Supreme Court Confirms $70 Million to Smokers

Lung cancer lawyers at Pintas & Mullins Law Firm report that the U.S. Supreme Court recently refused – for the eighth time in seven years – to hear appeals from cigarette manufacturers and lung cancer patients’ lawsuits. Their refusal lets the $70 million smokers have won thus far stand.

These cases relied on a recent Florida ruling that allowed individual smokers (or their family members if they had passed away) to sue tobacco companies based on prior jury findings. Plaintiffs only had to show that they had become addicted to cigarettes, which caused their illness or consequent death.

As a result of this ruling (called the Engle decision), which was filed in 1994, thousands of individual plaintiffs were able to win their lawsuits against cigarette companies. This most recent “wave” of plaintiffs have won about $64 million in verdicts in total.

The Engle case involved six individuals who made separate claims of illegal behavior by tobacco companies, ranging from dangerous and flawed product designs to blatant fraud. This 1994 case was initially filed as a class action on behalf of all American smokers who had died or become seriously ill from cigarettes, however it was reduced to Florida-only plaintiffs who were only able to file individual suits.

The original Engle lawsuit ended in a jury award of $145 billion, although that award was set aside by the Florida Supreme Court in 2006. All evidence and findings produced throughout that case were binding, meaning they could be used in future lawsuits.

After this 2006 decision nearly 10,000 individual lawsuits were filed, much to the dismay of the tobacco companies, who have tried and tried again to have the Engle case reviewed and tossed. The U.S. Supreme Court has simply denied all request and refused to grant any new reviews.

Options for Lung Cancer Patients

Smoking is, overwhelmingly, the leading cause of lung cancer worldwide. One of the lesser-known causes of lung cancer is exposure to radon gas. Radon is a radioactive gas that releases from the natural decay of uranium, thorium, and radium in rocks and soil. Unfortunately, radon is odorless, tasteless, and can seep up through the ground and infiltrate pipes, diffuse into the air, or contaminate groundwater.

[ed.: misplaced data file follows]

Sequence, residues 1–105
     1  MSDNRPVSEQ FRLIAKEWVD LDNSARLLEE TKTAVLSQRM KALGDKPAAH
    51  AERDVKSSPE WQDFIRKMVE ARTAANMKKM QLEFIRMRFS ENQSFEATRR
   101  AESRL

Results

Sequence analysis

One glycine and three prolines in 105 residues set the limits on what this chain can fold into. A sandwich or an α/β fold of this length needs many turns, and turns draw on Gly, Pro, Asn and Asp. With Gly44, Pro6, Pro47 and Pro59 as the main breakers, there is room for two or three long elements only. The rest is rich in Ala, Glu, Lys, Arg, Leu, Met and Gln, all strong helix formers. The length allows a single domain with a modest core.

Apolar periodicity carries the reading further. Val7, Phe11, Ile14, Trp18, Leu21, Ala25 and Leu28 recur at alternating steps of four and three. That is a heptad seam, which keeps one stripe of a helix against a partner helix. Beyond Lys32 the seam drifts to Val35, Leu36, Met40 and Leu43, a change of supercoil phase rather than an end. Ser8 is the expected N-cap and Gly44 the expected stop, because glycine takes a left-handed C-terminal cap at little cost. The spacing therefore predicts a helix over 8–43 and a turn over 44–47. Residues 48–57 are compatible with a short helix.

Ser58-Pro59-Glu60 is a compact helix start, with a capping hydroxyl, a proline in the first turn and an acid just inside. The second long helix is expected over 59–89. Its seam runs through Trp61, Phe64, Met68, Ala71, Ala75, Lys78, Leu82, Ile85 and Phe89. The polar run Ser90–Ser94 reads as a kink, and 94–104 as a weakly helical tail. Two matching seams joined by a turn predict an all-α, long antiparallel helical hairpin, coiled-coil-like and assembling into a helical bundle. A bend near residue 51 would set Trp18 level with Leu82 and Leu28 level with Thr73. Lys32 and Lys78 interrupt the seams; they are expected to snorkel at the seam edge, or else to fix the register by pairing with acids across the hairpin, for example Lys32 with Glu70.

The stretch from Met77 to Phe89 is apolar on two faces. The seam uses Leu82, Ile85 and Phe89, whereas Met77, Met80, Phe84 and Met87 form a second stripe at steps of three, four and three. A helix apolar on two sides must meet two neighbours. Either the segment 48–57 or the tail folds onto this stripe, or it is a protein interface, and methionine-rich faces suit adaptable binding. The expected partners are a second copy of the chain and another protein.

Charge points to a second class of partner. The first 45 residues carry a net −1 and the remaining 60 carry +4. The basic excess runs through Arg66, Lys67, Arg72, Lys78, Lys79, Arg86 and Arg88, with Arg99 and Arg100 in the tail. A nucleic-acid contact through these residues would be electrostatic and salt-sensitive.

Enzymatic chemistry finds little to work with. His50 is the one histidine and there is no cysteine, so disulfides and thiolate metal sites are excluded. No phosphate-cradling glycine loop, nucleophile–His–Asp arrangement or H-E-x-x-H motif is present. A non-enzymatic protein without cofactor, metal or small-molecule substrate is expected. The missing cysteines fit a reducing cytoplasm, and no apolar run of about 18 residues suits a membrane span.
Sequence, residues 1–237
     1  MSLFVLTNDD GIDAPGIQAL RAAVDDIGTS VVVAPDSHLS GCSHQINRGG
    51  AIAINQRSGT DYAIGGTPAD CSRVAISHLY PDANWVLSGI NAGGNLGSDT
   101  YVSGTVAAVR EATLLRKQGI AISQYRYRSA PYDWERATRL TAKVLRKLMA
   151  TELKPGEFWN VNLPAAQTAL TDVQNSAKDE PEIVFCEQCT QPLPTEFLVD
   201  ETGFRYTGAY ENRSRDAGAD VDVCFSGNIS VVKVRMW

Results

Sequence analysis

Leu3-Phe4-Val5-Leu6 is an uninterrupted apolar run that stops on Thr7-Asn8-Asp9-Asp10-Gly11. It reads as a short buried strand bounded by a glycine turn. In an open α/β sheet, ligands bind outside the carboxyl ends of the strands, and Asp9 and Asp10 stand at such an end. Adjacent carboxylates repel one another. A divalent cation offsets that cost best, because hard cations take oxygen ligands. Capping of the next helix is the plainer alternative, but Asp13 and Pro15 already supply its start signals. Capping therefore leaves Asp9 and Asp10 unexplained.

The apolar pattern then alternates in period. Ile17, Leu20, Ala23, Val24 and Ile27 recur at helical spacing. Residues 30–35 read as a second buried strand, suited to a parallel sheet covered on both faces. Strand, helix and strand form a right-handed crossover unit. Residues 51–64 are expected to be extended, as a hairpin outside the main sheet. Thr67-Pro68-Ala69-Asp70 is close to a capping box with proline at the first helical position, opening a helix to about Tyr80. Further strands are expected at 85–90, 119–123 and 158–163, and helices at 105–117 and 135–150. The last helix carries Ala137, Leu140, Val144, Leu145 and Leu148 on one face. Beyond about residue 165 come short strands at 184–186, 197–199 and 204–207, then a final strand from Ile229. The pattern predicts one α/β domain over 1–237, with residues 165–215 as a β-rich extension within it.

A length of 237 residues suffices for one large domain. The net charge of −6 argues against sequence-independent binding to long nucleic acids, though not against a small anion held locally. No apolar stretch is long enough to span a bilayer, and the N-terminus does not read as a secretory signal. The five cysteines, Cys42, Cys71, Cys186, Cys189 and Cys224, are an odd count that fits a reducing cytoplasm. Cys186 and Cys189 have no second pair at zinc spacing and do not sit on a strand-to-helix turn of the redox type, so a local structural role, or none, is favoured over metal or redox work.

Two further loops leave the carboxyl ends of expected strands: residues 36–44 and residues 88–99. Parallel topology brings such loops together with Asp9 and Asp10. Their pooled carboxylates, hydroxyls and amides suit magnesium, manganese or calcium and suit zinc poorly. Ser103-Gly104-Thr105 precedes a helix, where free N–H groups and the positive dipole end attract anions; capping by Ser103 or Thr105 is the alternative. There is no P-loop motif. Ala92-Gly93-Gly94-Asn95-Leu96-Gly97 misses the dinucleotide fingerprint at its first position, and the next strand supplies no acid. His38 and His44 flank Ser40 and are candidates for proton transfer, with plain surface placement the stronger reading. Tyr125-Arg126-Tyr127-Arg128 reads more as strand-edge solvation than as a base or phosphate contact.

Although most people are unaware of it, radon is present in nearly all air, and we breathe it in every day. Those who inhale disproportionately higher levels of radon are at risk of developing lung cancer – thousands of people are diagnosed with lung cancer every year even though they never smoked, and were never exposed to second-hand smoke.

Anyone who has ever worked in an underground mine is at an increased risk of radon-caused lung cancer – and basement or first-floor apartments typically have the highest levels of radon, as they are closest to the ground. In fact, radon was first discovered to be a serious health problem when scientists noted that underground workers mining for uranium were dying from lung cancer at extremely high rates. There have also been suggestions that it can lead to leukemia in both children and adults.

Radon Lung Cancer, Then and Now

The legal implications of radon-caused lung cancers have been hotly debated since the mid-1980s (though the dangers of exposure had been known since the 50s). In 1984, a man named Stanley Watras set off alarms at his place of employment – nuclear power plant – for having high levels of radioactive radon on his clothing. Upon testing, investigators found Watras’ home had radon levels over 1,000 times greater than the EPA’s recommended guidelines.

It was at this point that the dangers of residential radon contamination became a national issue. It quickly became clear that the cancer risk from indoor radon was more than all outdoor pollutants combined. Attorneys specializing in real estate started analyzing the legal implications of radioactive radon exposure in residences, and litigation began soon thereafter.

Despite the clear evidence and annunciation of risk, Americans soon lost interest in the issue of indoor radon. Thus, the responsibility for mitigating the risk has fallen on the federal government; disturbingly but not surprisingly, the government has done little to regulate, control, and inform the public about indoor radon. There have been bills, laws and legislation passed, of course, but the gas is still causing thousands of cancers every year.

As it is a natural occurrence, radon-rich soils are not found equally throughout the country, so each state has its own initiatives for dealing with the gas. The four states with the highest radon levels are Florida, Maine, Pennsylvania, and New York.

If you or someone you love was recently diagnosed with lung cancer, even if you have a history of smoking, contact our firm immediately. We have a wide network of legal and medical experts who will investigate your case, free of charge, and determine whether or not you have a case. It’s a free phone call, contact the lung cancer lawyers at Pintas & Mullins Law Firm today.

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